Gulf equity investors have recovered more than $5 billion (Dh18.35bn) of their massive losses in January after many regional bourses rebounded in the first 12 days of February, official figures showed yesterday.
After diving by around $54bn during January, the bourses of the Gulf Co-operation Council (GCC) gained $5.1bn in the first 12 days of February but experts believe it is a temporary recovery.
From around $601.75bn at the end of December, the market capitalisation of the GCC's seven stock exchanges dived to $547.4bn at the end of January but rebounded to nearly $552.2 billion on February 12, showed the figures by the Joint Arab Stock Data Base at the Abu Dhabi-based Arab Monetary Fund.
"It is a modest gain compared with the big losses suffered by regional stock markets over the past few months," said Jamal Ajjaj of Al-Sharhan Securities.
"This increase does not necessarily indicate a steady recovery.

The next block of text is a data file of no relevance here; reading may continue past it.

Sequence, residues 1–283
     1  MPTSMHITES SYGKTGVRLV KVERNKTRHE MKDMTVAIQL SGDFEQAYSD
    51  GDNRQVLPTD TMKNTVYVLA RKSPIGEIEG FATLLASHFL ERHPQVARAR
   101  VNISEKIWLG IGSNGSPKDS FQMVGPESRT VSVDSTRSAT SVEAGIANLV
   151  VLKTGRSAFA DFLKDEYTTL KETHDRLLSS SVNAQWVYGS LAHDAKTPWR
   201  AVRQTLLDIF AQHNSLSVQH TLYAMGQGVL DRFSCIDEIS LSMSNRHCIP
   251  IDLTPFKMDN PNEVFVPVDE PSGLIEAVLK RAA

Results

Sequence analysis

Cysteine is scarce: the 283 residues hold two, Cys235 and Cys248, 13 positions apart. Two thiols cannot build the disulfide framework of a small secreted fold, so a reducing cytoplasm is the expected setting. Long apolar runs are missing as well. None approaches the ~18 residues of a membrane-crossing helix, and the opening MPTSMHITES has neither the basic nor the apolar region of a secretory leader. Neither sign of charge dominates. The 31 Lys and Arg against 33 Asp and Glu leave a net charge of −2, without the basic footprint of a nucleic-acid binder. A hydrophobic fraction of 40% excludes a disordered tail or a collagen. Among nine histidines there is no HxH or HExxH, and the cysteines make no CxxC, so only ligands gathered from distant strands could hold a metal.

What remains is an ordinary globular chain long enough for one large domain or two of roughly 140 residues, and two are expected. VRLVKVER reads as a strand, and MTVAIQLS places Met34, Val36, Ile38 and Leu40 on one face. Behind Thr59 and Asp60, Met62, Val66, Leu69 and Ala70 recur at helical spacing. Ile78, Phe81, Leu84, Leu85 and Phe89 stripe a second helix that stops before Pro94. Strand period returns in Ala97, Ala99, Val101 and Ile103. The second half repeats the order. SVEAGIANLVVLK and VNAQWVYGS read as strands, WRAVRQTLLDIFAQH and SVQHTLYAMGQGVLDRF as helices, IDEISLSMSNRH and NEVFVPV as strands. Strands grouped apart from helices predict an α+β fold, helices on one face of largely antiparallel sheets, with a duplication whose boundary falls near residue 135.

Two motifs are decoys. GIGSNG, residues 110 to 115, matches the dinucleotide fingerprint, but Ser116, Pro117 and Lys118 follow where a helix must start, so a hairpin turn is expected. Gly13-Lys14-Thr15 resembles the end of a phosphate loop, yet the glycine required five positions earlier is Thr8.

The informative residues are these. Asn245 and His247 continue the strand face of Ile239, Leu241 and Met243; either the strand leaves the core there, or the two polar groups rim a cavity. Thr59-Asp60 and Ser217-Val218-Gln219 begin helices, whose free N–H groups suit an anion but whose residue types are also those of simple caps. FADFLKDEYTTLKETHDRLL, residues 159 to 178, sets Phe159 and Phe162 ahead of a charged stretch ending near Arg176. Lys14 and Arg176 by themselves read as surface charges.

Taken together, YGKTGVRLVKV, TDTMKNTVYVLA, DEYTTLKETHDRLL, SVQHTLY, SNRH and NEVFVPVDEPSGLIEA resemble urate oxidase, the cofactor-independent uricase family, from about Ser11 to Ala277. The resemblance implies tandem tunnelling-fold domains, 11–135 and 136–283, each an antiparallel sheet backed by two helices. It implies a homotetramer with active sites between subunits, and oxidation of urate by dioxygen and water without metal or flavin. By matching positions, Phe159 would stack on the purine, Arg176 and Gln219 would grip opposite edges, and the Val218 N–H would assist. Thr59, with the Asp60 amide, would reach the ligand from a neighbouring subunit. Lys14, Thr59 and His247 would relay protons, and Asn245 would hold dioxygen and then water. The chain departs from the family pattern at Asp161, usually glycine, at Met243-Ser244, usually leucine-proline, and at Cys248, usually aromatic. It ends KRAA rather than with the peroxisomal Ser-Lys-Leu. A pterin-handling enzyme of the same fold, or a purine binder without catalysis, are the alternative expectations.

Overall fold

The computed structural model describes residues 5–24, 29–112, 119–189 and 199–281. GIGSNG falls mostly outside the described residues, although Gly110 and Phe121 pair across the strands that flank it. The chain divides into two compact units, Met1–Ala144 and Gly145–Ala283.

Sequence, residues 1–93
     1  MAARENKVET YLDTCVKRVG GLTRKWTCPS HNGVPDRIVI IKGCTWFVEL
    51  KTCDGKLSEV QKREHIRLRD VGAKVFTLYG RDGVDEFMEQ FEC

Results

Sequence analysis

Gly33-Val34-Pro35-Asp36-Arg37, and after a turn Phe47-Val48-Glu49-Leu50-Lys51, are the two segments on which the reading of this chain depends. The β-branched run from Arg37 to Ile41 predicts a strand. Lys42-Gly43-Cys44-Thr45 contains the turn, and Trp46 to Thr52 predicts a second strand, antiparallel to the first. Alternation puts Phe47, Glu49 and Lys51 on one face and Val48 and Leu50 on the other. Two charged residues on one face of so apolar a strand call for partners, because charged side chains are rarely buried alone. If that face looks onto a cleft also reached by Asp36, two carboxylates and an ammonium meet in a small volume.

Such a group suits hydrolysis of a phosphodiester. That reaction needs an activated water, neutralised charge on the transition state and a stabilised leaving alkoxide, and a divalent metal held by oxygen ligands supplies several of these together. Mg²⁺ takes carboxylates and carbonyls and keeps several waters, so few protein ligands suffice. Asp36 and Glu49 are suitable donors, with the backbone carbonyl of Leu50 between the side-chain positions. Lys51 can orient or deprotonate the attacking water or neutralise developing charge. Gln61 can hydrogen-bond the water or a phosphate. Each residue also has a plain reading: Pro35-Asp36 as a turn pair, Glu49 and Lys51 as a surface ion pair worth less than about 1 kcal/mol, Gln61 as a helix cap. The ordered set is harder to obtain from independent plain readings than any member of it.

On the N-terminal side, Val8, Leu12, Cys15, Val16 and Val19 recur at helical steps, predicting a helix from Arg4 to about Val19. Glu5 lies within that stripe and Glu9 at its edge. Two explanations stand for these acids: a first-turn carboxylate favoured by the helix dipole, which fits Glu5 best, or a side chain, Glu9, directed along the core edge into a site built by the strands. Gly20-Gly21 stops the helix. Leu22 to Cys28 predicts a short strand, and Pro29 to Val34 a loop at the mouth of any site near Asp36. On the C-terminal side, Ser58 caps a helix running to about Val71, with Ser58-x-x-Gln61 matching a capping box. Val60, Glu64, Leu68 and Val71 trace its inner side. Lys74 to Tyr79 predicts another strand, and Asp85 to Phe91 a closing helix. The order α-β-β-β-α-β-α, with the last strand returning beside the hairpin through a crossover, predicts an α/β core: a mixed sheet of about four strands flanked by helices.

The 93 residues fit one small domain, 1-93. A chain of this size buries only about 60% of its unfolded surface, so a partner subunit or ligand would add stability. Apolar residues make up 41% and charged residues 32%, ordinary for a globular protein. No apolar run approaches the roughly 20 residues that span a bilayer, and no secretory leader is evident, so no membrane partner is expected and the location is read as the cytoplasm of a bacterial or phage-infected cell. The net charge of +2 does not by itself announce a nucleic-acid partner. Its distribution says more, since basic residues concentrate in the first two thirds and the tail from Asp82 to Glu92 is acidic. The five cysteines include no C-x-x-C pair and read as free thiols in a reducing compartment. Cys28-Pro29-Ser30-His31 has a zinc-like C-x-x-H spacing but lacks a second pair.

"The markets have been seesawing for months and they could remain unstable this year."
A breakdown showed the bourses of Abu Dhabi, Dubai, Qatar, and Saudi Arabia were gainers in February while Kuwait, Bahrain and Oman were losers. Abu Dhabi swelled by around $1.5bn while there was a slight increase of nearly $100 million in Dubai. Saudi Arabia's Tadawul, by the far the largest and busiest exchange in the Middle East, recorded the largest gain of around $5bn but it was offset by a loss of nearly $3bn in Kuwait.
Despite the increase, the combined market capitalisation of the GCC bourses remained at its lowest level in nearly four years.
The bulk of their loss was in the second half of 2008, when they plummeted by over $500bn mainly due to widespread speculation, mass foreign selling and fear of the global crisis.